Concordia's Thursday Report

Vol. 29, No.7

December 2, 2004


The writing is on the wall

By Max Harrold

Professors Tien Bui and Ching Suen, with Javad Sadri in front

Professors Tien Bui and Ching Suen, with Javad Sadri in front.
Photo by Andrew Dobrowolskyj

Does your handwritten number four have a break point? Does your seven have a European strike through it, or is it plain and straight?

Perhaps these dilemmas are not standard water-cooler talk, but for optical scanners and those who use them, it’s a million-dollar business. Computers that accurately read handwritten cheques and postal codes are a big deal.

That’s where CENPARMI comes in. It’s shorthand for Concordia’s Centre for Pattern Recognition and Machine Intelligence. Professor Ching Suen explained, “We try to make computers do what we do.”

Human creativity in handwriting has become a fairly predictive science. Since 1988, when Suen and his colleagues founded CENPARMI, pattern recognition has gone from 80-per-cent accuracy to more than 99-per-cent accuracy today.

Suen and his colleagues approach the decoding of handwriting like archaeologists, examining letters and numerals like fossils. This includes recognizing an average of 50,000 words per language and the many ways of saying similar things that some languages have. Some languages have as many as 10 different ways to express the same concept.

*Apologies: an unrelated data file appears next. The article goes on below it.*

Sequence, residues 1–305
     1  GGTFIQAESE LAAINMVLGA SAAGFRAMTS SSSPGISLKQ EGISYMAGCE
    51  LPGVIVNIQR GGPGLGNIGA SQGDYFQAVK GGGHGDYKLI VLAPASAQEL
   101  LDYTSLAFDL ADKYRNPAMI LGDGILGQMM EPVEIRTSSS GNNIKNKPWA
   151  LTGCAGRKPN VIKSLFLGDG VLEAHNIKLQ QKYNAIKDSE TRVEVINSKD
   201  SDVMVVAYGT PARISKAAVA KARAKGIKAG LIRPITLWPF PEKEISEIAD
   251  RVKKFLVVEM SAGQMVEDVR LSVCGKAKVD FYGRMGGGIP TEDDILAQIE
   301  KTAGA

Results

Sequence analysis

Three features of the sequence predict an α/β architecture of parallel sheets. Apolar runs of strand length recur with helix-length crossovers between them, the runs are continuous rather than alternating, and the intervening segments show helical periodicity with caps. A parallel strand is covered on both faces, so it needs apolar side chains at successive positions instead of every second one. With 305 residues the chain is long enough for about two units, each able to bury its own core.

The team looks for the contour, gradient and aspect ratio of a number or letter. The number 3, which a computer can recognize by commonalities it will always find on the right, as well as the left, sides of the number. But now, when the scanner views a number 4, it can process breaks in what is usually a straight line.

“We have become more creative” about human handwriting. “So have computers.”

Suen explained that the cost of processing a computer-printed cheque can be as little as five cents, whereas the cost of processing a handwritten cheque can range up to five dollars if a person has to look at it.

The research centre recently hit a milestone of sorts as a CENPARMI group presented 14 papers (out of a total of 100) at the 9th International Workshop on Frontiers in Handwriting Recognition, held in Tokyo, Oct. 26 to 29.

Professors Ching Suen, Tien Bui, Mohamed Cheriet and Robert Sabourin led the group, which included their students Javad Sadri, Hanshen Tang, Alseo de S. Britto, Cesar Santos, Edson Justino, Allessandro Koerich, Jonathan Milgram, Marisa Morita, Luis Oliveira, Marcelo Kapp, Cinthia de A. Freitas.

The paper “Automatic segmentation of unconstrained handwritten numeral strings,” authored by Javad Sadri, Ching Suen and Tien Bui, received the Best Poster/Paper Award.